Have you ever think how wastewaters are transformed into clean waters?

Sewage treatment is the process that converts wastewaters (water no longer suitable for other purposes) into a clean effluent that can be reused. The treatment process consists into removing impurities (such as organic matter, pathogens, heavy metals and organic contaminants) from water being treated and concentrated then into a by-product called sewage sludge.

Fig1-PeruzziSludge is mostly water with lesser amounts of solid material removed from liquid sewage. The solid material present, being made of fresh organic matter, became easily putrescent and hazardous for human health and environment so that, it has to be removed through a process called sludge treatment.

Safe and cost-effective management of sewage sludge is still a worldwide environmental challenge. A common goal in sludge treatment is to reduce toxicity, decrease volume, and convert sludge into useful resources for agronomic purposes

Some treatment processes may affect contaminant strength and concentration: depending on the process, the treatment may increase or decrease the bioavailability of contaminants.

After treatment, and dependent upon the quality of sludge produced (for example with regards to heavy metal content), sewage sludge is most commonly either disposed of in landfills, incinerated or applied to land. Sewage sludge, in fact, has fertilizing properties (humus content) that can be reused in agriculture. However, some studies indicated that heavy metals, pharmaceuticals and personal care products, which often adsorb to sludge during wastewater treatment, can persist in agricultural soils following sludges application.

In recent years, Reed Bed Systems (RBSs) have been widely considered as a valid technology for sludge treatment. However, even though this technology is not widely used in Mediterranean countries, significant experience in the Tuscany region has been gained since 2004.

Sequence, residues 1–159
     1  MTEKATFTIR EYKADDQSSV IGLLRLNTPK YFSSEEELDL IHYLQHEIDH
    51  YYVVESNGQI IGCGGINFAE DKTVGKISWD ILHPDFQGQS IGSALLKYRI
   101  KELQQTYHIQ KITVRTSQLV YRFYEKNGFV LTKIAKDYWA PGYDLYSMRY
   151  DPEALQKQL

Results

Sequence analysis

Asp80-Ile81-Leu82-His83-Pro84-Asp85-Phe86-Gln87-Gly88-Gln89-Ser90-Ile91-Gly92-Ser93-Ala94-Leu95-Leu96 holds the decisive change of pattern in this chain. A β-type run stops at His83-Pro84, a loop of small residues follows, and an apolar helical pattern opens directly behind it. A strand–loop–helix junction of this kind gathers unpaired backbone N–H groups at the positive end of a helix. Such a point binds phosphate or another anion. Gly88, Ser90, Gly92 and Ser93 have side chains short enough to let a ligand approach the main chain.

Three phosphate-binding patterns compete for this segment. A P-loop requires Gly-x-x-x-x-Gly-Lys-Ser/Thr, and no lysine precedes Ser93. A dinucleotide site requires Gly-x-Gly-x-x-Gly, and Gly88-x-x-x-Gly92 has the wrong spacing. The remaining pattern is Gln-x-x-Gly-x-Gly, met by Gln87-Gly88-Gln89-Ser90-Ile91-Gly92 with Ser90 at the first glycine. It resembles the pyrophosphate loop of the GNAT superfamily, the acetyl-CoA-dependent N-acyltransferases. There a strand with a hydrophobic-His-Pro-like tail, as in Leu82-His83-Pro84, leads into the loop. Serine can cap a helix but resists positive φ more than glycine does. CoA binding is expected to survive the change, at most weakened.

The RBS is a combination of a traditional sludge drying bed and constructed wetland: Phragmites australis (common reed) is directly planted in the drying beds, where sludge is frequently applied. This technology involves low construction costs, minimal daily maintenance, water content reduction, and good stabilization of sludges. RBSs, in fact, stabilize sludges, reducing water, pollutant and pathogen contents; moreover, RBS technology improves the quality of organic matter in sludges.

The stabilization process, resulting from the synergic action of plants (reeds), organic matter and microorganisms (both present in sludges) is a combination of organic matter mineralization (decomposition) and humification (transformation of organic matter into humus) processes.

The organic matter stabilization process occurring in the basins can be successfully studied following parameters usually applied to soil and other environmental matrices. The results showed that stabilization of the sludge over time occurred in all RBSs, as shown by the low level of overall microbial metabolism, and by the re-synthesis of humic-like matter. Results about heavy metal fractionation, an appropriate technique to estimate the heavy metal bioavailability and sludge biotoxicity, showed that the process of sludge stabilization occurring in RBSs retains metals in fractions related to the stabilized organic matter, making metals less bioavailable. Moreover, the concentrations of various toxic organic compounds were below the limit of concentration suggested by the European Union’s Working Document on Sludge, for land application. The effectiveness of the stabilization processes in RBs was hence clearly proven by the results that measured mineralization and humification processes, and by the low levels of bioavailable heavy metals and toxic organic compounds in stabilized sludges.



Reed bed systems for sludge treatment: case studies in Italy.
Masciandaro G, Iannelli R, Chiarugi M, Peruzzi E
Water Sci Technol. 2015;72(7)


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